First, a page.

D. GITMO. Here Cheney focuses on the most inane aspect of this important security debate. Does he discuss the untenable legal foundation GITMO was found on? No. Does Cheney concede that mistakes were made by is administration’s ad hoc treatment of the issue—leading to the release of prisoners who then continued to actively battle the United States under his watch? No. Or how about how GITMO became a symbol for an administration wanting wishing to act above the law and our nation’s system of checks-and-balances ? No. Instead he states the following:

Attorney General Holder and others have admitted that the United States will be compelled to accept a number of terrorists here, in the homeland, and it has even been suggested US taxpayer dollars will be used to support them. On this one, I find myself in complete agreement with many in the President’s own party. Unsure how to explain to their constituents why terrorists might soon be relocating to their states, these Democrats chose instead to strip funding for such a move out of the most recent war supplemental.

On the point of US taxpayer dollars being used to “support” former GITMO detainees: American tax dollars already “support” terrorists held in GITMO. Unless Dick Cheney is arguing to cease funding GITMO, this seems a non-issue. Second, the suggestion that suspected terrorists cannot be held on American soil appears little more than politically convenient fear-mongering. Why can America not hold dangerous terrorists on American soil? We do now.  And we already have facilities specifically designed for this very purpose.

One can understand why the image of 9-11 burns so brightly for Dick Cheney. Not only was he Vice President during the attacks, but was only a month latter sent to a secret location to head-up a secret, back-up federal government. Why? The CIA feared an imminent nuclear attack on New York City. Those were scary times, and we still live in them.

What is not comprehensible is the former Vice President’s refusal to admit that not every policy enacted after 9-11 actually served to prevent future terrorist attacks. And his insistence that anyone who voices this position as forgetting 9-11 is ludicrous.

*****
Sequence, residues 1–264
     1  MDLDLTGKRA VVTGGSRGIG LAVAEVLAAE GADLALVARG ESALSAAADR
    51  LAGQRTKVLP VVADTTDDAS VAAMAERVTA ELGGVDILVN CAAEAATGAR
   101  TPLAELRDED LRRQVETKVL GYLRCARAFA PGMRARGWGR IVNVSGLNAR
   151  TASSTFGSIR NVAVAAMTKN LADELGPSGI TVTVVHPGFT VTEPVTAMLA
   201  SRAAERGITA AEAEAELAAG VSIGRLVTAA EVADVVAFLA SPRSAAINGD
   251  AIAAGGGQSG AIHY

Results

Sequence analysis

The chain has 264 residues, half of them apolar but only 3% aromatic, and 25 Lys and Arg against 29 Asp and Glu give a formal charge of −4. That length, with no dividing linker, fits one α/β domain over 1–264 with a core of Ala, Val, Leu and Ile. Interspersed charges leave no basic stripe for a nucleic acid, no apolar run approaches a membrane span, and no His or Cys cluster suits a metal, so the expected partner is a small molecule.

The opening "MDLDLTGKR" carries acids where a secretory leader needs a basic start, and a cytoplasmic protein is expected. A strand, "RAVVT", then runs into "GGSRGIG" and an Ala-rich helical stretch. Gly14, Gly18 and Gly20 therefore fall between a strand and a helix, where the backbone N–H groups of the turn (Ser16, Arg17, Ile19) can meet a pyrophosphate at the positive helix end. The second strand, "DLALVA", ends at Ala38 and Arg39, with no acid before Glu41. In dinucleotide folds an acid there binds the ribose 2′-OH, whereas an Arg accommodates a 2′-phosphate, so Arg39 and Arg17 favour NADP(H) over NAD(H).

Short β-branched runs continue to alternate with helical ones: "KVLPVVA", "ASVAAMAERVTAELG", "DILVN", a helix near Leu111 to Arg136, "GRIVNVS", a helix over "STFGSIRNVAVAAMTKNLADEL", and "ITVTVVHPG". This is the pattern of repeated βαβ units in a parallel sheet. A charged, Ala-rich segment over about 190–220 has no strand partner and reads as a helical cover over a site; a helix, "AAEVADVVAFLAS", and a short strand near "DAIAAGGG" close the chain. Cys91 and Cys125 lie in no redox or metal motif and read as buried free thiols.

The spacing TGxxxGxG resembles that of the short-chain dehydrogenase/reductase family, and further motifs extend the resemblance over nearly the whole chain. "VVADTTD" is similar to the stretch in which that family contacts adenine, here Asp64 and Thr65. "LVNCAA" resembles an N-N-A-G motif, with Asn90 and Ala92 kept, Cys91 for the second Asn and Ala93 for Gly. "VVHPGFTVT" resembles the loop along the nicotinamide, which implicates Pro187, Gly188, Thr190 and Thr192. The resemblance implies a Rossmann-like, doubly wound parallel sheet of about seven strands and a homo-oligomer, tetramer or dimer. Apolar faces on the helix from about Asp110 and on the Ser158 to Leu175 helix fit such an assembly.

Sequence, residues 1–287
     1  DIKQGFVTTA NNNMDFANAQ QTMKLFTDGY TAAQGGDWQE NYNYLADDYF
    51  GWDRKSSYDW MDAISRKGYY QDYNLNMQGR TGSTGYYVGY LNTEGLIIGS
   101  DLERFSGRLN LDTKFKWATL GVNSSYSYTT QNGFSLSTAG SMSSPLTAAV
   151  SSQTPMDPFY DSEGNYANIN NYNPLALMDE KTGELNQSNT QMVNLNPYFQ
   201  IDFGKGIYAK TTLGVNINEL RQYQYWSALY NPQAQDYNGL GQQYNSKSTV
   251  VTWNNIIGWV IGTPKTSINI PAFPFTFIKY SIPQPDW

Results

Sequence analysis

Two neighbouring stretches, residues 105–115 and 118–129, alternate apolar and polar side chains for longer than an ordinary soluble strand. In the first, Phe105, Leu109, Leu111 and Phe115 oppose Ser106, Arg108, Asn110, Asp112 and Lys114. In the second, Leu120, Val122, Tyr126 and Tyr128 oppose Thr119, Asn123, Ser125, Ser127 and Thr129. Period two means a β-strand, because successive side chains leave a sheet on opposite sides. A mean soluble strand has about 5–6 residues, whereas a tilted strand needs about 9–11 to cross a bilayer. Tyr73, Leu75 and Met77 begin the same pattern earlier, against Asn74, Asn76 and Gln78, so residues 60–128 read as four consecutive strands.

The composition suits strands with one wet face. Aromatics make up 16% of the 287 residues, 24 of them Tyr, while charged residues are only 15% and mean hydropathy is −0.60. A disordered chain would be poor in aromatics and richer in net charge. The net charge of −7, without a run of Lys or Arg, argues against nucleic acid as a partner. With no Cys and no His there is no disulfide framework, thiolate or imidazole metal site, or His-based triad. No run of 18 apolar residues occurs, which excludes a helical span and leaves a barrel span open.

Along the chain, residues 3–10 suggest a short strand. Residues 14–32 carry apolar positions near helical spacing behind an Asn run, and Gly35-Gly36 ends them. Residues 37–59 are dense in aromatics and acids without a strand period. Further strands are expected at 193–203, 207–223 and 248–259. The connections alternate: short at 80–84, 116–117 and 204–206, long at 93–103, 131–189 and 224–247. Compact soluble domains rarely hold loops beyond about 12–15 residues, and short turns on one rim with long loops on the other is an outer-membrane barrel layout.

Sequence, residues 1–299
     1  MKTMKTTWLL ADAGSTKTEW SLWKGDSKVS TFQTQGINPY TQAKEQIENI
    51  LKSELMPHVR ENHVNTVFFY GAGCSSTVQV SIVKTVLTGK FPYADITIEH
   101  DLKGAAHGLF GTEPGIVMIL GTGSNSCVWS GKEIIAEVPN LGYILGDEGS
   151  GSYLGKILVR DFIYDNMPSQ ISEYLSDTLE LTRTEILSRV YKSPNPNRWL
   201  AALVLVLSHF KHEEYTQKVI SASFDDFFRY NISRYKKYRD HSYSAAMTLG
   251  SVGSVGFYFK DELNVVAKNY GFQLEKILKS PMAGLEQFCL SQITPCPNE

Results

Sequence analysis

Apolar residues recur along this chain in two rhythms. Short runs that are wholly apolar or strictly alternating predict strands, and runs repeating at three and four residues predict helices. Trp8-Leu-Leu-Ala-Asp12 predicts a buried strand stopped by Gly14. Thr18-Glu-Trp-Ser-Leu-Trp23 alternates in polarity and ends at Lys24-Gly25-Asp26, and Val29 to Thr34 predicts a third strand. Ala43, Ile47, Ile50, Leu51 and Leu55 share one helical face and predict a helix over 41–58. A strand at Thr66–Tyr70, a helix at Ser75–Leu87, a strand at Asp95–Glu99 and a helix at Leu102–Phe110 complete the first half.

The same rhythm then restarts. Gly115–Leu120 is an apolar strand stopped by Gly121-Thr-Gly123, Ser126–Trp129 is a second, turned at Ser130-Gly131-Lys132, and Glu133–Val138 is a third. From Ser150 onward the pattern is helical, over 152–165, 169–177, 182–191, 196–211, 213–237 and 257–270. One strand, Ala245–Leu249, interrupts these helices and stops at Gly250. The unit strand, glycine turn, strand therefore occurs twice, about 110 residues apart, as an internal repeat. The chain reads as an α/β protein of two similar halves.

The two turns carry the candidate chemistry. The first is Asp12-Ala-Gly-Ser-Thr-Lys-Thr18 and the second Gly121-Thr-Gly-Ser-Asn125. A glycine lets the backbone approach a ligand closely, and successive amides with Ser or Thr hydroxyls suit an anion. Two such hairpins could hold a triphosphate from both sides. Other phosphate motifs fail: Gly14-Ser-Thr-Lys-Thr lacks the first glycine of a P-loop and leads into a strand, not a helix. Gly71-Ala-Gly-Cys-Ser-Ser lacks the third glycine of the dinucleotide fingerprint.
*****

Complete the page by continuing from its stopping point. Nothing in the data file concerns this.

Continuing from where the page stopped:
Obama’s speech: Finding A Middle-Ground Between Security and Transparency

Against this black-and-white approach to the war on terror, Obama offered a full-throated defense of his administration’s actions.

In discussing the use of advanced interrogation methods, Obama staked his credibility on his belief these tactics—whatever their value—caused more harm than good for the United States. Now this might be an endlessly debated question. But the President has decided. While some may disagree, Obama has staked his credibility as commander-in-chief on this issue. And it seems reasonable to believe he has done so because there are other avenues through which to obtain this information that do not carry the dangerous spill-over effects of advanced interrogation techniques.

On GITMO, Obama pitched a nuanced and comprehensive plan. The boiled-down version? Those detainees who cannot be released, transfered to other countries, or brought before federal court or military tribunals will face continued detainment. The crucial difference is this: clear standards will be created and periodic reviews made as to why these individuals should be detained and for what duration. Besides the question of where in the US these individuals should be placed—an inane, if publicly potent issue— one may be left wondering what exactly Cheney has against this move.

Unless Cheney truly believes that only the executive branch, not the US court system or US Congress, can be trusted with issues of national security. And even then, it seems that crafting standards might be needed if a President is elected who doesn’t follow Cheney’s personal viewpoint. (Perhaps this is something the Bush-Cheney White House should have done themselves)